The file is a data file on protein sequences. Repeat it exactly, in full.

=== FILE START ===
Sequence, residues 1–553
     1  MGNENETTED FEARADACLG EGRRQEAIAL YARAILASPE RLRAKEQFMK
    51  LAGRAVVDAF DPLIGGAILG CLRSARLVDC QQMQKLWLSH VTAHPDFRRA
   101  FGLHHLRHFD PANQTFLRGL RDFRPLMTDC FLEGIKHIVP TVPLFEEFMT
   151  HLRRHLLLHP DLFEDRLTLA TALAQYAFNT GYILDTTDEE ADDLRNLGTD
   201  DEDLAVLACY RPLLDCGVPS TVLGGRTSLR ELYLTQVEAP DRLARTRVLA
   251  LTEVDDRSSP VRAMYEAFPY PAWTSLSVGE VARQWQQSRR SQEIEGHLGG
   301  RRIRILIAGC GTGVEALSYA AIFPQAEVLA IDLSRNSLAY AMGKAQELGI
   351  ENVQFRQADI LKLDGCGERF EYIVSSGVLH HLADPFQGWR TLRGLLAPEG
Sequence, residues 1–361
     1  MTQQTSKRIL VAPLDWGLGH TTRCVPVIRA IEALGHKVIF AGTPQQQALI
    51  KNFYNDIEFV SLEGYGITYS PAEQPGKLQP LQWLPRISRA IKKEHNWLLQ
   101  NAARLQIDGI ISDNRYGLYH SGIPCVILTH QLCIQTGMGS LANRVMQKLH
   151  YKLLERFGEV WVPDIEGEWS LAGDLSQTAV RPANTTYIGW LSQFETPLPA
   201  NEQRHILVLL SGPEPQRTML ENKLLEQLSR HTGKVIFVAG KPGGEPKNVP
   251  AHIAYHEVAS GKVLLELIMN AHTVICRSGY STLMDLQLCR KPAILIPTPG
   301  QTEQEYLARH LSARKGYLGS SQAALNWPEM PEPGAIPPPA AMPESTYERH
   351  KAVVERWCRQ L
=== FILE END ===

Sequence, residues 1–553
     1  MGNENETTED FEARADACLG EGRRQEAIAL YARAILASPE RLRAKEQFMK
    51  LAGRAVVDAF DPLIGGAILG CLRSARLVDC QQMQKLWLSH VTAHPDFRRA
   101  FGLHHLRHFD PANQTFLRGL RDFRPLMTDC FLEGIKHIVP TVPLFEEFMT
   151  HLRRHLLLHP DLFEDRLTLA TALAQYAFNT GYILDTTDEE ADDLRNLGTD
   201  DEDLAVLACY RPLLDCGVPS TVLGGRTSLR ELYLTQVEAP DRLARTRVLA
   251  LTEVDDRSSP VRAMYEAFPY PAWTSLSVGE VARQWQQSRR SQEIEGHLGG
   301  RRIRILIAGC GTGVEALSYA AIFPQAEVLA IDLSRNSLAY AMGKAQELGI
   351  ENVQFRQADI LKLDGCGERF EYIVSSGVLH HLADPFQGWR TLRGLLAPEG
Sequence, residues 1–361
     1  MTQQTSKRIL VAPLDWGLGH TTRCVPVIRA IEALGHKVIF AGTPQQQALI
    51  KNFYNDIEFV SLEGYGITYS PAEQPGKLQP LQWLPRISRA IKKEHNWLLQ
   101  NAARLQIDGI ISDNRYGLYH SGIPCVILTH QLCIQTGMGS LANRVMQKLH
   151  YKLLERFGEV WVPDIEGEWS LAGDLSQTAV RPANTTYIGW LSQFETPLPA
   201  NEQRHILVLL SGPEPQRTML ENKLLEQLSR HTGKVIFVAG KPGGEPKNVP
   251  AHIAYHEVAS GKVLLELIMN AHTVICRSGY STLMDLQLCR KPAILIPTPG
   301  QTEQEYLARH LSARKGYLGS SQAALNWPEM PEPGAIPPPA AMPESTYERH
   351  KAVVERWCRQ L